No matter how much you think, you won’t know.

No matter how much you think, you won’t know. Only when you stop thinking will you know. But still, you have to depend on thinking so as to know.
– Ajaan Dune Atulo, Thai Forest Tradition. 

Mind seeing mind

The mind sent outside is the origination of suffering.

The result of the mind sent outside is suffering.

The mind seeing the mind is the path.

The result of the mind seeing the mind is the cessation of suffering.

– Ajaan Dune Atulo, Thai Forest Tradition. 

Open Your Heart

The only reason we don’t open our hearts and minds to other people is that they trigger confusion in us that we don’t feel brave enough or sane enough to deal with. To the degree that we look clearly and compassionately at ourselves, we feel confident and fearless about looking into someone else’s eyes. 
– Pema Chodron, Tibetan Buddhism. 

Mindfulness alone can’t do all the work

Liberating insight comes from testing, experimenting. This is how we learn about the world to begin with. If we weren’t active creatures, we’d have no understanding of the world at all. Things would pass by, pass by, and we wouldn’t know how they were connected because we’d have no way of influencing them to see which effects came from changing which causes. It’s because we act in the world that we understand the world.

The same holds true with the mind. You can’t just sit around hoping that a single mental quality—mindfulness, acceptance, contentment, oneness—is going to do all the work. If you want to learn about the potentials of the mind, you have to be willing to play—with sensations in the body, with qualities in the mind. That’s when you come to understand cause and effect.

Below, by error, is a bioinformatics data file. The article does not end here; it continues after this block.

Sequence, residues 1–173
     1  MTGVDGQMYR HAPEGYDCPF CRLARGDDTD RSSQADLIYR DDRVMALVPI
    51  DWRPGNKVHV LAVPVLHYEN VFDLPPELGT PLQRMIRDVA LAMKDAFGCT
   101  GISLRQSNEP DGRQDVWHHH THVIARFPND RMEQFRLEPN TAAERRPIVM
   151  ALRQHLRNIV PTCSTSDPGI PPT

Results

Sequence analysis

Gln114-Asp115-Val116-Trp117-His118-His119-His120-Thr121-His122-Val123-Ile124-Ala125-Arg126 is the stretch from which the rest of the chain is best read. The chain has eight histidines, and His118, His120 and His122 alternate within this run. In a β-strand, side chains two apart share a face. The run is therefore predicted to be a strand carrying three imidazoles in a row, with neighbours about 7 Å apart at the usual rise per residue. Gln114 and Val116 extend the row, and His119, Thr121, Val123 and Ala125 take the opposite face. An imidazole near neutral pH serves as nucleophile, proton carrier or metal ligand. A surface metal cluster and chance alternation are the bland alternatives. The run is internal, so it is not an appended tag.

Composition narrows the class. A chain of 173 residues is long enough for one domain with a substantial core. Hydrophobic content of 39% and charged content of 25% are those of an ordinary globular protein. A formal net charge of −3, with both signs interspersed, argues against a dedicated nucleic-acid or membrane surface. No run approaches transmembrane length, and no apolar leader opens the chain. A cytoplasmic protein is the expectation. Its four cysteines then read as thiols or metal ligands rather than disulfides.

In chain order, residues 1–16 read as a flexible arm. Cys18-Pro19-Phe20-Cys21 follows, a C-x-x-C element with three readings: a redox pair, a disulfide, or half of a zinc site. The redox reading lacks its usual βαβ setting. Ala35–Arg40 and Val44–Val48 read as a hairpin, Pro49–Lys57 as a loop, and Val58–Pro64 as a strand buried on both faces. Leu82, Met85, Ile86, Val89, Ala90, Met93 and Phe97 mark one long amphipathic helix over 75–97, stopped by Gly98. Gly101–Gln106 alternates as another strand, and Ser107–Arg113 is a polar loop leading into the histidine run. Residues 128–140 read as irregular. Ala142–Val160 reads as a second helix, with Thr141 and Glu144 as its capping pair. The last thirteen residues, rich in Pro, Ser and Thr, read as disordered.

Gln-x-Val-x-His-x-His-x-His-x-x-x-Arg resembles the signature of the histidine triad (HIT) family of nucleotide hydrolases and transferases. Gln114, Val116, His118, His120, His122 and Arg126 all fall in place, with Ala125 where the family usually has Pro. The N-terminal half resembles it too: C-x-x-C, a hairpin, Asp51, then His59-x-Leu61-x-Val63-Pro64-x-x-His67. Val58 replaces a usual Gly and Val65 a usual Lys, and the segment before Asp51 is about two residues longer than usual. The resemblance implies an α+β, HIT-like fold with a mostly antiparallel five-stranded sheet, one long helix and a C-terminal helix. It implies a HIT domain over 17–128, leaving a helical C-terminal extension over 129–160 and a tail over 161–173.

And that requires all your powers of intelligence—and this doesn’t mean just book intelligence. It means your ability to notice what you’re doing, to read the results of what you’ve done, and to figure out ingenious ways of doing things that cause less and less suffering and stress: street smarts for the noble path. Mindfulness allows you to see these connections because it keeps reminding you always to stay with these issues, to stay with the causes until you see their effects. But mindfulness alone can’t do all the work. You can’t fix the soup simply by dumping more pepper into it. You add other ingredients, as they’re needed.

– Thanissaro Bhikkhu, Thai Forest Tradition. 

The fire inside

We all have fuel inside, ready to be lit, ready to burn. It can burn with anger, pleasure, hatred, jealousy, craving, etc. When lit it burns the mind and body, though many do not realise it. It’s hard to speak and act wisely when on fire. 

Some people’s fire is lit with the tiniest spark, like a pile of dry straw. Others take more to light, like a pile of heartwood logs. 

When we practice the dharma we aim to douse our fuel with cool waters allowing us to keep a mind of compassion and equanimity even when standing amongst a blaze.

– Anonymous

Roots

We’re like a tree with roots, a base, and a trunk. Every leaf, every branch, depends on the roots to absorb nutrients from the soil and send them up to nourish the tree.

Our body, plus our words and deeds, our senses of sight, hearing, smell, taste, and feeling, are like the branches, leaves, and trunk. The mind is like the roots absorbing nutrients and sending them up the trunk to the leaves and branches so that they flower and bear fruit.

– Ajahn Chah, Theravada, Thai Forest Tradition.

Fluttering Mind

When we sit in a quiet forest when there’s no wind, the leaves are still. When the wind blows, the leaves flutter.

The mind is the same sort of thing as leaves. When it makes contact with an object, it vibrates in line with its nature. The less you know of the Dhamma, the more the mind vibrates. When it feels pleasure, it dies with the pleasure. When it feels pain, it dies with the pain. It keeps flowing on in this way.

– Ajahn Chah, Theravada, Thai Forest Tradition.